What Soccer has to do with Molecular Biology
What happens with oxygen in the lungs? How is the fuel in cells formed, and how is it replenished? And why do soccer players never need to use the toilet in 45 minutes? Three Nobel laureates give surprising answers – all three will deliver lectures at this year’s Lindau Nobel Laureate Meeting.
About 3,2 billion people watch the World Cup in Brazil this month, that is almost half of the world population. But what happens inside the body, on a molecular level, when we exercise? Not only muscles and the respiratory system are strained, also the kidneys work at full speed: The body’s entire blood volume is pumped through the kidneys about 300 times each day. This filtering process results in about 180 litres of primary urine, which is again reduced to one or two litres of secondary urine. When we exercise and sweat as a result, less secondary urine is produced to maintain the body’s water balance – the soccer players never need to use the toilet during a game.
During this renal filtering process, up to three billion water molecules per second rush through miniature water channels called aquaporins. Peter Agre received the 2003 Nobel Prize in Chemistry for the discovery of aquaporins – protein complexes in many cell membranes. He now leads the Johns Hopkins Malaria Research Institute, because aquaporins are part of the biology of the malaria-inducing parasites from the genus Plasmodium. Researchers hope to find new treatments against this widespread tropical disease by studying aquaporins.
In the human body, those tiny water channels play an important role not only in the kidneys, but also at the blood-brain barrier, in the blood capillaries or in the pulmonary alveoli – which brings us back to the soccer player who is panting after sprinting across the soccer pitch.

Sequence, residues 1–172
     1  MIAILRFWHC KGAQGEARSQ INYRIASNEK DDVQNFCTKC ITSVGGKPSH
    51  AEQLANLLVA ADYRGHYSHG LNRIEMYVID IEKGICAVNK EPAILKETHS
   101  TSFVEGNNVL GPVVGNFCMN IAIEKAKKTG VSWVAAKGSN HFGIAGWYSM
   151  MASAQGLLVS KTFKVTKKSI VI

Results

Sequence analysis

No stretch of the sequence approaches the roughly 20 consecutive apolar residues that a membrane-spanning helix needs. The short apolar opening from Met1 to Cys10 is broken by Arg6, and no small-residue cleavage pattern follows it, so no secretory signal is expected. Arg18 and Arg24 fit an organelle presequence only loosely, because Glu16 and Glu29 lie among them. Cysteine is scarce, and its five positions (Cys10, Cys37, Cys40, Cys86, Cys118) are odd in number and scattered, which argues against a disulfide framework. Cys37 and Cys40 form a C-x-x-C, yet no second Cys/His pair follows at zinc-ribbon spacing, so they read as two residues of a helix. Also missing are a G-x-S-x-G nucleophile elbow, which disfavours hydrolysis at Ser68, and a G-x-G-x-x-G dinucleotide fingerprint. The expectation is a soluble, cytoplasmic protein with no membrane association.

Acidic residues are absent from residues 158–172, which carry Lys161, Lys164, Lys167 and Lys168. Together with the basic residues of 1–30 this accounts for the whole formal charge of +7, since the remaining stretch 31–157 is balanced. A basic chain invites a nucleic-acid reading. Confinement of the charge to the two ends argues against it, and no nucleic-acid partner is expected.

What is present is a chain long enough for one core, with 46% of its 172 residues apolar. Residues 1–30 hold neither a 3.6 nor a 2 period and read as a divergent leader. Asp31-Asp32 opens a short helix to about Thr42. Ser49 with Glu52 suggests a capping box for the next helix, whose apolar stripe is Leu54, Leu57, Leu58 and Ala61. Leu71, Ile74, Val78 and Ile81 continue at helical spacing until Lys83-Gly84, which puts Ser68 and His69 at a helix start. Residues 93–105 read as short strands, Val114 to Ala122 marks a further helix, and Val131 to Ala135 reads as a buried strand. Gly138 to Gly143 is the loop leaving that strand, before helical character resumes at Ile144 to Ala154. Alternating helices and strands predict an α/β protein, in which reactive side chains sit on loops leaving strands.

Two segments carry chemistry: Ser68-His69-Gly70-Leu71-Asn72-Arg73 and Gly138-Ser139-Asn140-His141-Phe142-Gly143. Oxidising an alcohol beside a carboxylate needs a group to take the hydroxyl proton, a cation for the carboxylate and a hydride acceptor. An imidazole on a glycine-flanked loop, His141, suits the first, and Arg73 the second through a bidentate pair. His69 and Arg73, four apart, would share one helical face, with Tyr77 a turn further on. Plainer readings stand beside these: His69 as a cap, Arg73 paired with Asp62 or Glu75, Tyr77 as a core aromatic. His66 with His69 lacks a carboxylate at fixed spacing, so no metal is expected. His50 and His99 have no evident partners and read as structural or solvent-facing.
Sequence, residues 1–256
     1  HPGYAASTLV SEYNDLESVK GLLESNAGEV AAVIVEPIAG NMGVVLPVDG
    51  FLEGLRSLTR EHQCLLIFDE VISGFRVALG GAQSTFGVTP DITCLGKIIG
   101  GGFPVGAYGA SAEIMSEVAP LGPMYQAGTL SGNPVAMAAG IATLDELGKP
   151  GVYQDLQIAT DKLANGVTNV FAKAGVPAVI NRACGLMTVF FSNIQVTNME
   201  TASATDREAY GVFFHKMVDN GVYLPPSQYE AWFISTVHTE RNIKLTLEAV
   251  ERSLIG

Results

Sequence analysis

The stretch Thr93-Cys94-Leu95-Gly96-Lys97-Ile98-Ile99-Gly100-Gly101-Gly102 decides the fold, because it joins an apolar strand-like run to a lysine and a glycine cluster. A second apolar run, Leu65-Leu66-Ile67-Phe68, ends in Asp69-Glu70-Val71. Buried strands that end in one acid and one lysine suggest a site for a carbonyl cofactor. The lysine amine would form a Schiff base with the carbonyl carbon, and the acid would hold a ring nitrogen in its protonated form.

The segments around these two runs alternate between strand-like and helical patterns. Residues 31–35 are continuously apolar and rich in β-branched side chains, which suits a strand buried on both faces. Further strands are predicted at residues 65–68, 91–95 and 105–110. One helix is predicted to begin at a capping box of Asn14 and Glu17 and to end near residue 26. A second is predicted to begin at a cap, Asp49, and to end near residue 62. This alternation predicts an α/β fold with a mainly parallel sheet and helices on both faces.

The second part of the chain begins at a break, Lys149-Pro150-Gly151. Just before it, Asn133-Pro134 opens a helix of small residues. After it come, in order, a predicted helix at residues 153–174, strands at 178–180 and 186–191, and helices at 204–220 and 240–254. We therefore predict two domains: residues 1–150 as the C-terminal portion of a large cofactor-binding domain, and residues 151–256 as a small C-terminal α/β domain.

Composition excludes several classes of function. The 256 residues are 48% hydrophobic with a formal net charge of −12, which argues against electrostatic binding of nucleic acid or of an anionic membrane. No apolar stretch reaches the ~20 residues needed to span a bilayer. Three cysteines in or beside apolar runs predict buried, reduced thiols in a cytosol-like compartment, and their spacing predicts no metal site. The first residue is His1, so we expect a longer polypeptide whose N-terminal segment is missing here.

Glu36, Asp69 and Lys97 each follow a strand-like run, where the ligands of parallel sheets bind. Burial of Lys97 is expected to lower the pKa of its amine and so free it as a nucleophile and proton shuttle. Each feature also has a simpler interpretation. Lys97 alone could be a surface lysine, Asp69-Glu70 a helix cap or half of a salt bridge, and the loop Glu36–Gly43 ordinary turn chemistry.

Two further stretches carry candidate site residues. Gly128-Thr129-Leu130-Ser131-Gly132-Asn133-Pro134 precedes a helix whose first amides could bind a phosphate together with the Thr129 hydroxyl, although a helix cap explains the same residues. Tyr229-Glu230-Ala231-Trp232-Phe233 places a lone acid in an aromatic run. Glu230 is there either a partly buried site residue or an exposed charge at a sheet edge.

How does the body produce enough energy to run for 45 minutes? The body’s “fuel” is a protein called ATP and is produced in the cells’ power plants, the mitochondria. The formation of ATP requires several enzymes, one of them being ADP: John E. Walker received the 1997 Nobel Prize in Chemistry for the decoding of the enzymatic mechanism underlying ADP synthesis.
Besides ADP and other enzymes, chemical energy is needed for ATP formation. This energy is provided by an oxyhydrogen reaction: at the mitochondria’s membranes, oxygen is reduced to water, with the help of electrons. This reaction produces energy, which in turn is stored within the newly formed ATP molecules. Whenever these molecules disintegrate, the energy within is released again. Each adult has about 250 grams of ATP in his body at any time. But since ATP is only an intermediate product, albeit a very important one, the addition of 24 hours ATP production would result in an adult’s body weight – although a soccer player probably produces more ATP than a TV viewer.
A key factor for ATP formation is a protein called Cytochrom c-oxidase. It is located in the membrane wall around mitochondria and provides the electrons for the oxyhydrogen reaction. It also helps protons to cross the membrane, this function is called proton pump. The German chemist Hartmut Michel has studied Cytochrom c-oxidase extensively during his career. In 1988, he won the Nobel Prize for Chemistry for the crystallization of photosynthetic reaction centres of photosynthetic bacteria: it was the first membrane protein that had been described in its atomic structure with the help of X-ray crystallography.
Back to the TV viewers watching soccer: They can rest assured that their kidneys are working hard and that their cells are full of ATP, even if their bodies need less energy than the soccer players’. Now they can fully concentrate on the game – at least as long as the blood-brain barrier doesn’t let too much ethanol pass.
All three Nobel Prize laureates will take part in the 64th Lindau Nobel Laureates Meeting starting June 29th. Videos of their lectures will be posted the very same evening.